One can tell a lot by a voice. Unlike the ubiquitous office voice in David’s office, which could have been male or female, this new voice was clearly more feminine, could even be said to be slightly sexy, and possessed a much greater degree of confidence and self assurance. As it turns out, the quality of the voice often conveys the level of the local office and its occupants. Had David been one of the lower classes, the voice would have undoubtedly been depressed, coarse, and with a horrendous accent (to the point of being unintelligible). But with this new, notably improved computer voice, David knew that he was in the realm of the Master Director, and that as a mere “Director” he was subservient. In all egalitarian societies it is essential that every device be used to subtly indicate who was subservient to whom. Otherwise, there can be a lot of inefficient confusion.
David looked around to find a stylistic hand print on the side of the door and dutifully applied his hand. At the same time, a laser beam caught his eye. Abruptly the door opened. David stepped into a second chamber, just as the door behind him closed -- sealing him in a second, claustrophobic-sized cubicle. Suddenly, a spray flooded the interior, as David reacted, coughing violently and covering his eyes at the same time. Almost as quickly, the spray mist vanished and another door opened.
Still coughing and rubbing his eyes, David stepped through the doorway into an elaborate office, that of the Senior Director, SpinMeisters, Galactic Federation, Mintaka. From behind an ultra-modern desk – one equipped with transparent, but barely visible shields surrounding its occupant -- Jeremiah looked up in surprise. Despite his nearly identical uniform (albeit with such a few strands of gold braiding for acknowledging his superiority status), Jeremiah was still capable of a more personalized human reaction. Accordingly, his mood quickly changed to a light-hearted one. Okay… it was also laced with undercurrents of dire consequences at a whim, but it sounded light-hearted. Curiously, his voice was still sounding raspy.
“Don’t tell me you forgot to close your eyes again!”
“Right,” David managed to reply. “Frightfully stupid of me!”
Jeremiah was momentarily stymied by the antiquated, English accented statement, as if recognizing its source… when in fact he should not have if all things were as they appeared. Momentarily, he mouthed the words, as if mimicking them, or trying them on for size. 'Possibly subversive,' he wondered? 'Never can tell.' As the better part of valor, he dismissed the episode.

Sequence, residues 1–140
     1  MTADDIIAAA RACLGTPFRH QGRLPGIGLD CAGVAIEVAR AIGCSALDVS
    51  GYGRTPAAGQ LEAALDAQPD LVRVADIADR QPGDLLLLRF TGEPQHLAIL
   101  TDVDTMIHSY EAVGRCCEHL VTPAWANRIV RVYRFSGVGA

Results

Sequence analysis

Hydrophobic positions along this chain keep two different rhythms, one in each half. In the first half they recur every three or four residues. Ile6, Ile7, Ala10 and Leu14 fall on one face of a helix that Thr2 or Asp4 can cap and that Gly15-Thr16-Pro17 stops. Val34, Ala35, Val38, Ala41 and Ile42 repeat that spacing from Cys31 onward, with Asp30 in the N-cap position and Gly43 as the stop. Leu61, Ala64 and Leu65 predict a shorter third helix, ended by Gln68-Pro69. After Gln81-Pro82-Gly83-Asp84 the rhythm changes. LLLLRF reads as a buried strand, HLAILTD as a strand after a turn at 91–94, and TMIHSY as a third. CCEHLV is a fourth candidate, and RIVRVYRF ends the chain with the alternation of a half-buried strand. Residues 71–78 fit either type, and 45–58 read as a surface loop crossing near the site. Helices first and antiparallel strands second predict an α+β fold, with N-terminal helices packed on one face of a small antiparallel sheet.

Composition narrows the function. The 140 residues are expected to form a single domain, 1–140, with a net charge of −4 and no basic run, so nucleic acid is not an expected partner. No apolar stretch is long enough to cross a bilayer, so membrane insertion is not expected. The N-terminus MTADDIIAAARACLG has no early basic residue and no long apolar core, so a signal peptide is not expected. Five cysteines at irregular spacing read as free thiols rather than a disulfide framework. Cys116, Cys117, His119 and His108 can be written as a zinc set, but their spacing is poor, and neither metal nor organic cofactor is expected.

"As you say,” he agreed helpfully, “Stupid!”
David approached the desk, and stepped alongside a single wing chair just off to his left. Abruptly a second chair materialized by rising from the floor. David quickly moved toward the chair being provided for him. As he set down, he saw Evyr in the other chair. She was looking straight ahead, as if his arrival was of such little consequence that a slight glance in his direction would have been superfluous. As David took his eyes off her and looked to Jeremiah -- the reigning local authority -- Evyr uncharacteristically took a quick, appraising glance in his direction, her expression stern.
Jeremiah, meanwhile, appeared to be keeping himself busy at his desk, essentially ignoring his guests. It was all part of the ritual… keep the guests ill at ease by feigning disinterest, and simultaneously suggesting that the importance of their presence was little more than that of a cleaning robot.
David frowned slightly and looked perplexed. He glanced over at Evyr, but she was again patiently staring straight ahead. David started to lean back in his chair and silently wait, when a much more elaborate chair materialized toward the end of Jeremiah’s desk. The action caught Jeremiah’s attention and standing up, he smiled his most diplomatic smile. Evyr quickly leapt to her feet to stand at attention, and David, glancing at the two of them, mimicked their actions. When in the land of the robots, do as the robots do… and hopefully with the same mechanical flair.
On cue, another door seemed to materialize out of the wall behind the new chair. Through the new opening and dressed to the hilt such that it was now apparent that the new arrival would be the senior officer present, Aris Holyn stepped into the room. Jeremiah was the epitome of diplomacy as he greeted the new arrival, using a combination of an appropriately official and cordial manner.